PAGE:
I REMEMBER THERE WAS A STUDENT in class who was more creative than the rest of us. He would get reprimanded for always drawing outside of the lines. Where pretty much all the drawings being done around me used the color yellow for the sun, he would use a different color like tan or pumpkin. I was not very good at drawing and preferred having figures and objects outlined on the paper, so I could just fill them in with color. My favorite thing to do would be to boldly add color to the pre-drawn outlines then lightly shade color inside of them. The teacher at least did not complain about my work like she did with his art pieces. Many a times he would get a lower grade from the teacher than I did. It puzzled me because his stuff, I thought, was much better than mine. At first, I thought his lower grades were due to not following the rules; but what the teacher explained to us never mentioned the things he did were not acceptable. Maybe she just did not like the work he produced, I thought. Either way, I admired his determination in following his creativity. Years later, I still wonder what he might be doing artistically these days. JOINING A FRIEND AT AN ART fair, we stopped at a booth that was selling jewelry. My friend was familiar with the artist’s work and especially fond of the earrings they created. She was showing me one pair she liked and oddly it looked familiar to me. It was as if I had seen something like it years ago. I had to think about it for a while, but then suddenly it occurred to me; it looked as if that student in my art class from years ago had designed it. I mentioned it to my friend, and she said maybe they did. I told her it was not because his name was different than the jewelry artist. She surprised me when she next said the artist at the booth did not design his jewelry; he had a team of artists who created his look and he simply was the face of it to the public. I could not believe it because listening to him talking to a customer, it sounded like he had designed and manufactured the pieces he was selling. So, in other words, he was taking credit for someone else’s creativity? Maybe that student was one of the artists he had working under him. In my mind the jewelry artist was taking credit for someone else’s hard work which was similar to what I found in this comedic crime adventure. HAVING DREAMT ABOUT WORKING FOR THE top design house in London, nothing prepared Estella, played by Emma Stone (Battle of the Sexes, The Favourite) for the nightmare she was about to experience. With Emma Thompson (Saving Mr. Banks, A Walk in the Woods) as The Baroness, Joel Fry (Game of Thrones-TV, 10,000 BC) as Jasper, Paul Walter Hauser (Richard Jewel; I, Tonya) as Horace and John McCrea (God’s Own Country, Everybody’s Talking About Jamie) as Artie; the standouts for me were both Emma’s and the soundtrack. Their acting together was wicked and fun. I enjoyed everyone’s performances; however, I thought the script was odd for the main character. Who was the movie studio marketing this film to because it was too dark for young children, in my opinion? Situations seemed too extreme to me in a very unfun and unfunny way. The costumes were great, and I loved the idea of Emma taking charge of her creations; however, there was a streak of meanness that I found uncomfortable. The question comes up for me, was this film created for a quick money grab? I felt the creative team behind this picture could have worked better together to create a more enjoyable experience for the viewer.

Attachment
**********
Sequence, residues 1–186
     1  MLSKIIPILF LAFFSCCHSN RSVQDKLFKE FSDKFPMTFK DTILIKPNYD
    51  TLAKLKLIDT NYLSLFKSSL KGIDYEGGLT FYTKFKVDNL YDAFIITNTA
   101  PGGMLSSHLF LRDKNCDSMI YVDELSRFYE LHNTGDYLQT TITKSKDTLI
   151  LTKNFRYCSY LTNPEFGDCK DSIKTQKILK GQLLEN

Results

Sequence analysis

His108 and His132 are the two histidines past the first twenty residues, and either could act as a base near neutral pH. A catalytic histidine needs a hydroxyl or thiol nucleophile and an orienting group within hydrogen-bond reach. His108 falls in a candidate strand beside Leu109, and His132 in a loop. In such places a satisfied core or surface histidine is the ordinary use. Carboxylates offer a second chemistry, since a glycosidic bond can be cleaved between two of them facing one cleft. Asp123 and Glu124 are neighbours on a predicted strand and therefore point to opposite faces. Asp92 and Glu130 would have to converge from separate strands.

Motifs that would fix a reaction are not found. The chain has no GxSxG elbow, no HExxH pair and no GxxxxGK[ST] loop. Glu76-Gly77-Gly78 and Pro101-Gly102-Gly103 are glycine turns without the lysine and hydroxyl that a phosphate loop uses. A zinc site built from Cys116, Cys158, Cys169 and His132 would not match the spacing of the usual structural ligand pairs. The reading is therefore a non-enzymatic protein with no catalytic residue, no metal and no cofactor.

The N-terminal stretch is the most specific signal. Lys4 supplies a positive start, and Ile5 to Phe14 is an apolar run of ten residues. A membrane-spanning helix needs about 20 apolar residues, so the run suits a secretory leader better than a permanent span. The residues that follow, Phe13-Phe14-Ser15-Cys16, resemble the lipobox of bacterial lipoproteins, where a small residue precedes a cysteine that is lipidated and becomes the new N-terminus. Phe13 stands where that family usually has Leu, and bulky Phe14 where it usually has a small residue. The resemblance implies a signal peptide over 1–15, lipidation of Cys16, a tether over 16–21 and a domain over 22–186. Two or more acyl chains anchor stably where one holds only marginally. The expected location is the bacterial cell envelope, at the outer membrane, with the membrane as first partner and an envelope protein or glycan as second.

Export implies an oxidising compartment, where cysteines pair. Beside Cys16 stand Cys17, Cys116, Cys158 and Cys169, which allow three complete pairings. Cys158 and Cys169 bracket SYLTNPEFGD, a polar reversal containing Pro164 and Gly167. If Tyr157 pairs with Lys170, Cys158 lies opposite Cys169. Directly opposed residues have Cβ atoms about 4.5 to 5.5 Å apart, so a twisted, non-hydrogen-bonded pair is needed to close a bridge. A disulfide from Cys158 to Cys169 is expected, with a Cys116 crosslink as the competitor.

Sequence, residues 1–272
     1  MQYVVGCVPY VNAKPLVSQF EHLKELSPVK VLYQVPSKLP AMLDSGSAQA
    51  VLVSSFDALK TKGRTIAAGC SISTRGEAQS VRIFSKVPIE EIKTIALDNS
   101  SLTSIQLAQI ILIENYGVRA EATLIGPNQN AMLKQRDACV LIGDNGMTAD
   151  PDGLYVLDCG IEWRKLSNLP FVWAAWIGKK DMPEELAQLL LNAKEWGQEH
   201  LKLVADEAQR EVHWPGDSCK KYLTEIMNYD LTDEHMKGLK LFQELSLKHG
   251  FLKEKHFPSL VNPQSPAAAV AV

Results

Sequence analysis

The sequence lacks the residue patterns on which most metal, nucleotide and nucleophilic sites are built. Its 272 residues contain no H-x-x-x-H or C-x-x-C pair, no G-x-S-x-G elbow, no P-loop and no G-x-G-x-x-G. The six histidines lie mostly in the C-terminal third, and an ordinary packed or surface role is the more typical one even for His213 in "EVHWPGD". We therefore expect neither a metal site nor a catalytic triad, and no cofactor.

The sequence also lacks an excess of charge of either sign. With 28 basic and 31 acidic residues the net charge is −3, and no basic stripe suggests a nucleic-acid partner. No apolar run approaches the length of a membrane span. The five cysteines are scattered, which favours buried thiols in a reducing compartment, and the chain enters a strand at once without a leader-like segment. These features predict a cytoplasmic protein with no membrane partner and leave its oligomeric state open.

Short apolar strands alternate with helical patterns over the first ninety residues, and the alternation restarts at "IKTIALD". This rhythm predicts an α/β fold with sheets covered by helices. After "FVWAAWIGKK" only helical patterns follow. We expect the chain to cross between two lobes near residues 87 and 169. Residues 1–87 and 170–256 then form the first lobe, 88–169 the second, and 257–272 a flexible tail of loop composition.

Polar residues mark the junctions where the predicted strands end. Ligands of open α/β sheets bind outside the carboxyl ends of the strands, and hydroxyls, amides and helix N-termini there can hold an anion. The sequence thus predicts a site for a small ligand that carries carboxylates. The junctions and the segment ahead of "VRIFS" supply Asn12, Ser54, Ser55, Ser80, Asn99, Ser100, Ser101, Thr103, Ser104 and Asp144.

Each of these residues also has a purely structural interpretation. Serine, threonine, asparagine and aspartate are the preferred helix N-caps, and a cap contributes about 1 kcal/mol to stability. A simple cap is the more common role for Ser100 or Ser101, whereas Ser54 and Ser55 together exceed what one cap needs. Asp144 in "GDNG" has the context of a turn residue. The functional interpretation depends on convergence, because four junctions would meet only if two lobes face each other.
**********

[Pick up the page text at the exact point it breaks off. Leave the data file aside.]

2 ½ stars